Wearing the Same Clothes Over and Over?
“Don’t you ever get tired of wearing the same things all the time?”
It’s a question we all ask ourselves about clothes – and what eventually can lead us back to the stores to buy more. When my family stopped buying clothes, I was certain we’d feel trapped without something new. (That’s why our challenge was originally planned for just three months.) You can probably guess that since we started this challenge, our attitude about what we had versus what we lusted for drastically changed.
Today, my answer is no. I do not feel like I’m wearing the same things all the time.
1. Don’t wear the same clothes at home as I do outside. When I come home, I take off my nicer sweaters and pants and put on different clothes. Feeling like I am not wearing the same thing so long makes me more willing to put on that same sweater sooner than if I’d been wearing it all day. (Plus wearing different outfits at home keeps the city grime off our furniture.)
2. Wear layers. Just as some women keep the same sweater hanging over their office chairs to wear whenever they get chilly, I have found that a zip or button up sweater serves as a great tool for keeping warm. Then I can wear thinner clothes in this cold weather, which hugely varies my winter wardrobe.
3. Wear thick tights or long undewear. On several occasions, my classmates have thought I was out of my mind. There we were in our cold classroom, and I was sitting there in shorter sleeves. Wearing thick tights keeps my legs warm, which keeps me warmer. I can get away with thinner layers on top (which is a good thing, as I only have four warm sweaters).
4. I notice that my classmates wear pretty much the same things, too. It’s pretty typical to see Europeans wearing the same things a lot more frequently than Americans. My friend, Toma, told me that when she lived in Paris, the women at her husband’s office had the most beautiful, expensive suits. They’d wear the same suit on Monday, then Tuesday, then Wednesday, then… The next week, they’d wear their other nice suit. They went for quality, certainly not quantity!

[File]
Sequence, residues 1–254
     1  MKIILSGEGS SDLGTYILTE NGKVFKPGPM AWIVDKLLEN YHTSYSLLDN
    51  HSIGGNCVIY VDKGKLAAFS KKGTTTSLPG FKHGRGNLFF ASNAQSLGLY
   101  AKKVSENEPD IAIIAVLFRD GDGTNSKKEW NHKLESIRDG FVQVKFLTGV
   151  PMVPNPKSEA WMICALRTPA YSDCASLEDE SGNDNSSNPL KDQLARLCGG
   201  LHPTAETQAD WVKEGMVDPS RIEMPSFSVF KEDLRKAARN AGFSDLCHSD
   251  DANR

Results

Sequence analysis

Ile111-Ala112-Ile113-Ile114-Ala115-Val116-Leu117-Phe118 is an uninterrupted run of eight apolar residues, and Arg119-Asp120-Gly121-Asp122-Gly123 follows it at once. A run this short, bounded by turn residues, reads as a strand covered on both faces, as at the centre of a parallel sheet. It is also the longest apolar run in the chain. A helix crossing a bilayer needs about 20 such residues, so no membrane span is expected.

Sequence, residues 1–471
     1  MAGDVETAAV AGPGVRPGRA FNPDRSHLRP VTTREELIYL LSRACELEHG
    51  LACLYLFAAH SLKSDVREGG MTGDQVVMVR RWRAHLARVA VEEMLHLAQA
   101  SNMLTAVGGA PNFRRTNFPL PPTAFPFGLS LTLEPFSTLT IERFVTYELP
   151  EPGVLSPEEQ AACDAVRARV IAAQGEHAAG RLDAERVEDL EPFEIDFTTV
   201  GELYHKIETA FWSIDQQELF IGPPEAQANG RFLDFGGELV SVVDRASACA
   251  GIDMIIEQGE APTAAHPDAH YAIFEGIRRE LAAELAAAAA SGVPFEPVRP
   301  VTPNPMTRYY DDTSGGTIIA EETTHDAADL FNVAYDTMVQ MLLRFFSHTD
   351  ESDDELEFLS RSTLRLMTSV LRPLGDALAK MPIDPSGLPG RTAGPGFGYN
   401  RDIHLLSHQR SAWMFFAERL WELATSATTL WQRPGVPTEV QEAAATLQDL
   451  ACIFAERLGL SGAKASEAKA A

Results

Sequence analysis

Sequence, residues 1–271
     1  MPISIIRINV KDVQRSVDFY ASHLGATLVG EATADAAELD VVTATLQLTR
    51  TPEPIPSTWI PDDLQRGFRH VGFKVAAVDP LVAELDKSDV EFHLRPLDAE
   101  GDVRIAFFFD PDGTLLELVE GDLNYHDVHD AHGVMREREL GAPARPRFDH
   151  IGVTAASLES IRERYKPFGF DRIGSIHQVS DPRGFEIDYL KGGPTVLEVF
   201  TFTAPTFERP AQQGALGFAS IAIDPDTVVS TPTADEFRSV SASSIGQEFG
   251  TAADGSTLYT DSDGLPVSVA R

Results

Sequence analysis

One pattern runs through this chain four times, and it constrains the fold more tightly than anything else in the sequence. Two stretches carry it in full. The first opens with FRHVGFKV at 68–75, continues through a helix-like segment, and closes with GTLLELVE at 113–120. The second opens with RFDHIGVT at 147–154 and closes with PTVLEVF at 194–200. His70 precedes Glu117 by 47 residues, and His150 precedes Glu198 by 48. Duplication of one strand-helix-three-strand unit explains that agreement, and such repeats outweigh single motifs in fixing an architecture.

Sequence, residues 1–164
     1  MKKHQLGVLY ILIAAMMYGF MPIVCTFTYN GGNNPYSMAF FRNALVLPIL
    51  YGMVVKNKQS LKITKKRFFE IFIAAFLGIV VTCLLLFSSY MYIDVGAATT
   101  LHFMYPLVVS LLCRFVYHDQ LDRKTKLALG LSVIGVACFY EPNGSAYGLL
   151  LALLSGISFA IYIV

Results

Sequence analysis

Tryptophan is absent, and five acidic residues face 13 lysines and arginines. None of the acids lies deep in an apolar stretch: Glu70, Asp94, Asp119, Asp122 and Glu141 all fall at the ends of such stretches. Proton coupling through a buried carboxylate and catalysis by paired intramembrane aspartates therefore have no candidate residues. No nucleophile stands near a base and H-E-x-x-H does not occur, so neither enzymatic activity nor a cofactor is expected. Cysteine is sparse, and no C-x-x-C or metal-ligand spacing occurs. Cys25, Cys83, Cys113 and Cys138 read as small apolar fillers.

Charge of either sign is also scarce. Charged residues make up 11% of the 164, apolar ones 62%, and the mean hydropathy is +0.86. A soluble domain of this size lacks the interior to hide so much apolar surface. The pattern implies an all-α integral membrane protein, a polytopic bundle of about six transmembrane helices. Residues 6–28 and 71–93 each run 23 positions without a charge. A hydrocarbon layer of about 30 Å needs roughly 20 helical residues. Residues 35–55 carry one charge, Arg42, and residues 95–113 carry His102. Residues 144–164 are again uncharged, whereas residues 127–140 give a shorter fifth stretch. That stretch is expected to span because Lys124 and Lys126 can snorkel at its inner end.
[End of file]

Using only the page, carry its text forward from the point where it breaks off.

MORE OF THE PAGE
5. See what men wear – especially single men! Many men always seem so much more comfortable in their clothes. They can, quite often, wear the exact same thing two days in a row and have no idea… until their wives point it out. While I’m not advocating the idea of wearing the same thing each day, I do think there is something to be said about how little concern the average man often has for his clothing when compared to the average woman. They really inspire me.
6. Don’t use your dryer. This time of year, our laundry takes at least 24 hours to dry. The only place we can put it is in our living room on a drying rack since we don’t have a dryer. It takes a lot more time to hang clothes than just tossing them in the dryer. While this doesn’t directly influence how I feel about wearing the same things, it does curb the reflex to throw everything in the washer when it doesn’t need to be there. I feel more thankful for my smaller wardrobe and use it longer.
7. Wear what you love. The best part is that I am wearing clothes that I really, truly love, and I’m wearing them a lot more than I would have before. I’m not buying things that I’m not incredibly attached to, and if there’s something I truly love, I could get it if I wanted now.
If you can recognize that you are already happy in life, I think a funny thing happens. You start feeling content with what you have. Advertising, society, our desire to be liked – all of these things contribute to a desire for new clothes. And it’s tough! You can’t get away from it – from Hollywood to the newspaper, to even political events where the discussion of the First Lady and her children is sure to include heavy detail about their clothes.
I didn’t know how much happier I would be, shifting my focus away from new clothes.
What about you? What are your thoughts on the clothes you have? Love ‘em? Hate ‘em? How do you resist buying more? Or is it something you think about?